Sunday, 25 September 2016

The Supermarket Argument Doesn't Stand Up.

It's a great one-liner - "They are going to turn QVM into a supermarket", but what does that really mean, and isn't it more correct to say that supermarkets are trying to turn themselves into markets like QVM?

Here's how Wikipedia describes a supermarket - "A supermarket, a large form of the traditional grocery store, is a self-service shop offering a wide variety of food and household products, organised into aisles. It is larger and has a wider selection than a traditional grocery store ......."

So, in many respects (scale and variety) QVM is a supermarket. Where we fall short is in categories like canned goods, and household supplies. Also, we adhere to shop service rather than self service in most of our food categories, perhaps with the exception of fruit & vegetables. But when it comes to fresh food variety, scale, and knowledge, we are at the top.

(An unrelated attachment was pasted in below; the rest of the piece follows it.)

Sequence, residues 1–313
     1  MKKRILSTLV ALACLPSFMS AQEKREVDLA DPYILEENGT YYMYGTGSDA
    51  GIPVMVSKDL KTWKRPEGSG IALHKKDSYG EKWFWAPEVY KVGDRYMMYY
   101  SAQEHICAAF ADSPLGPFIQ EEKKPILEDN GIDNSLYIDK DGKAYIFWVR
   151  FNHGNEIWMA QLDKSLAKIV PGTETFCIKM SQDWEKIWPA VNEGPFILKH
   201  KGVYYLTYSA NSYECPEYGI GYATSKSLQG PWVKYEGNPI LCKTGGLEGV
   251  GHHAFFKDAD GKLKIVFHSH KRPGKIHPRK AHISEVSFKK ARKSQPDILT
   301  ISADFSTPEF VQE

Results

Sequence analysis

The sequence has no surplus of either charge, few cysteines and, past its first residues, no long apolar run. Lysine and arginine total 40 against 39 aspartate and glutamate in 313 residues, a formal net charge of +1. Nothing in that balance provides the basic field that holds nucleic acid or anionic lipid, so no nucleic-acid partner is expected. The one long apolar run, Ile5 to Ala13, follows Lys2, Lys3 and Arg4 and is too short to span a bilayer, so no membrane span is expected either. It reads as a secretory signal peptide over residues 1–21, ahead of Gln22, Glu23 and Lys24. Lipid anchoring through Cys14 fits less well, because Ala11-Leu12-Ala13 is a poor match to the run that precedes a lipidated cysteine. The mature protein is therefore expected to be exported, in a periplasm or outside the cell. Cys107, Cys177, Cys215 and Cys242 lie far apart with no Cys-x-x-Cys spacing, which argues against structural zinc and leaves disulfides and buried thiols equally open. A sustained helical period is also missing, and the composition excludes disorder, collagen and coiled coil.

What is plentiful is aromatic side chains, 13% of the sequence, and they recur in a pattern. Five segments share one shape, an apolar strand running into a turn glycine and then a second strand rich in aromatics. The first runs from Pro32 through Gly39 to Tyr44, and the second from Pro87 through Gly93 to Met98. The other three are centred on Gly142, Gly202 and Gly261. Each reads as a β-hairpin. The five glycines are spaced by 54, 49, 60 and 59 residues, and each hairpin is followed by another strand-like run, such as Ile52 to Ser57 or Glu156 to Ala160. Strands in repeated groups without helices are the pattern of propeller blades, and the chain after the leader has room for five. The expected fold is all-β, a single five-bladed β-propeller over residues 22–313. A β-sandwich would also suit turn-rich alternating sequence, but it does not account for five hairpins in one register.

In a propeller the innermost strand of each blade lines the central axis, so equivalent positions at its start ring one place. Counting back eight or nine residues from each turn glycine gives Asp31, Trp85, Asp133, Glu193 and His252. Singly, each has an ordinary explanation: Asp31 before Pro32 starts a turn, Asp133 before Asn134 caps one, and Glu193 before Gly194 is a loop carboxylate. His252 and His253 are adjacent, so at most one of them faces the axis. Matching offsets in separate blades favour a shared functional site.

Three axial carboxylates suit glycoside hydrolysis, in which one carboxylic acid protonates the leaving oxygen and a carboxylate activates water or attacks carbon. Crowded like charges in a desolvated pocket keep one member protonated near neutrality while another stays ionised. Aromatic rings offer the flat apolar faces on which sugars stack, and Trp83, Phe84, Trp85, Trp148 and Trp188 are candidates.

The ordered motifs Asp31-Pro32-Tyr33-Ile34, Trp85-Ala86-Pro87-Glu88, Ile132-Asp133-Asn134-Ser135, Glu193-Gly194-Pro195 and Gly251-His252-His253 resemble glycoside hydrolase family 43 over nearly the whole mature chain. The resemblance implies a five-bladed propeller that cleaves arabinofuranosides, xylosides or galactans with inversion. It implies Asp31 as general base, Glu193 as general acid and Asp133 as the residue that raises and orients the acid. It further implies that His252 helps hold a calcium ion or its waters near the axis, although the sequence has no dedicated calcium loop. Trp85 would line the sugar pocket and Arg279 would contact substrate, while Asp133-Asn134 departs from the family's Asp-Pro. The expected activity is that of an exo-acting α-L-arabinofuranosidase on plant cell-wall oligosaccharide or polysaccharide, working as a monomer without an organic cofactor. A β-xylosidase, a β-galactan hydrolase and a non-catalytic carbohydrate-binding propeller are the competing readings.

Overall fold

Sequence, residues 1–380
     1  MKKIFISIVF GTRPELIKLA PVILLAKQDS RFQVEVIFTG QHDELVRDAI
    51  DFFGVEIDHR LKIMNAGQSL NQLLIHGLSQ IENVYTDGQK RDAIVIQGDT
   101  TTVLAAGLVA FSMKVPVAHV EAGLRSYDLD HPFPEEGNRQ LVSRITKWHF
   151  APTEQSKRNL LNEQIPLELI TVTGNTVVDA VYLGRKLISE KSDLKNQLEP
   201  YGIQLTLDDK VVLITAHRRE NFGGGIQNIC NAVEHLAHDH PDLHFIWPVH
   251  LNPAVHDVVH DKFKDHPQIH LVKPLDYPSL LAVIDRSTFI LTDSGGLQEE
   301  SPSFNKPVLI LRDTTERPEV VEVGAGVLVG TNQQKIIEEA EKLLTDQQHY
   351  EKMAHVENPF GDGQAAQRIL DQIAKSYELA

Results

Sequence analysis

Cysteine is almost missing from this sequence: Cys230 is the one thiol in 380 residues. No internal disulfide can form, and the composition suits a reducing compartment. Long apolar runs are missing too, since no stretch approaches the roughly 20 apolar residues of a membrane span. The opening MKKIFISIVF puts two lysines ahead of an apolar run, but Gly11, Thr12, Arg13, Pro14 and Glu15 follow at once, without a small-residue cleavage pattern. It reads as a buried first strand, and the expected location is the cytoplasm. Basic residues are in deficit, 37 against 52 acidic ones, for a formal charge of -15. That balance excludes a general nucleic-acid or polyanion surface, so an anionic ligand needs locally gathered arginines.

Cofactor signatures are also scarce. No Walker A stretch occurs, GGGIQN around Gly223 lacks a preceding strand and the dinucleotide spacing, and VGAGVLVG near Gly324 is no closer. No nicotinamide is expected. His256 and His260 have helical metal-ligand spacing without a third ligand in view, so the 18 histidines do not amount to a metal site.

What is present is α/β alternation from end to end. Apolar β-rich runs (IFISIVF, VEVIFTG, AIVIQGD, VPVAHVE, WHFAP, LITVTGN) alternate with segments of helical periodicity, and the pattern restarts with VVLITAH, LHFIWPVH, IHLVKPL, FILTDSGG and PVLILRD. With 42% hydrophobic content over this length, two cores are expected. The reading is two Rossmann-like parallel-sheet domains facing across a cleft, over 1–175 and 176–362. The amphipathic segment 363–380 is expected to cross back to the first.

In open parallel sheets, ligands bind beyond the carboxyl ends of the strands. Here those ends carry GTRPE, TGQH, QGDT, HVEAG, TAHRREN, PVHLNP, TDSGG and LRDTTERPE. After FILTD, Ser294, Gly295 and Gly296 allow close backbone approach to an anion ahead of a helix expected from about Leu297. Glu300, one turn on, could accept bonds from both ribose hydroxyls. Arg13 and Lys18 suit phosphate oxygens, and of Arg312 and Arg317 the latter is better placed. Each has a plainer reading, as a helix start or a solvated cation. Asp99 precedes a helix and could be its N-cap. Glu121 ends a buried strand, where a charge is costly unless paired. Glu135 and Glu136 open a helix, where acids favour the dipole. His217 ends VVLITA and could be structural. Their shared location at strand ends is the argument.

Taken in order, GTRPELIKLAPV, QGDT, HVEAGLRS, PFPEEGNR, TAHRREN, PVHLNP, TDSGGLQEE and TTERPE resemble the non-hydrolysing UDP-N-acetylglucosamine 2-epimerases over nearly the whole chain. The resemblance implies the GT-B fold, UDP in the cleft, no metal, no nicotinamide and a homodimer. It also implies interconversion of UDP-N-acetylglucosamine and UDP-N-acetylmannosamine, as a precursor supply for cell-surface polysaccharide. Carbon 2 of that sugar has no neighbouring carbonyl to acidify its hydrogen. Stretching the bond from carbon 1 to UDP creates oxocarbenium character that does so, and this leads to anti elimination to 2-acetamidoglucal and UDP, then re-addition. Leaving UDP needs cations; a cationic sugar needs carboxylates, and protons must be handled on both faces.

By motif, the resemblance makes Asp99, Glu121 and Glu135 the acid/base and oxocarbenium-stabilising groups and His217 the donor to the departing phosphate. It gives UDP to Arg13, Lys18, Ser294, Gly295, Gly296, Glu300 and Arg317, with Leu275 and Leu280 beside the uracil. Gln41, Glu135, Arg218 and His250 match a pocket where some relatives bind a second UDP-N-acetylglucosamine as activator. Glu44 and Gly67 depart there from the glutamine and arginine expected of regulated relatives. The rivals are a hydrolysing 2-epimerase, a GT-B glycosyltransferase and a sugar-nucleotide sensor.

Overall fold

Supermarkets have spent a lot of money trying to look like us as the photo shows. In most supermarket fruit and vegetable departments you simply add a friendly face behind each counter, lower the prices, and you have a remarkably similar copy of QVM. Who is copying who?

Opponents to QVM renewal plans list the provision of cool stores as "supermarket like" but aren't cool rooms just giving our traders more flexibility and less likelihood of wastage (and therefore lower prices). Supermarkets also have running water and electricity so maybe we should think twice about providing those facilities in the renewal. (Sorry, that was a cheap shot.)

QVM is a super market. We have nothing to apologise for and as long as we maintain those ingredients of personal service, quality, low prices, and freshness, we will stay true to our uniqueness. If renewal can make it easier to excel in those areas, then bring it on.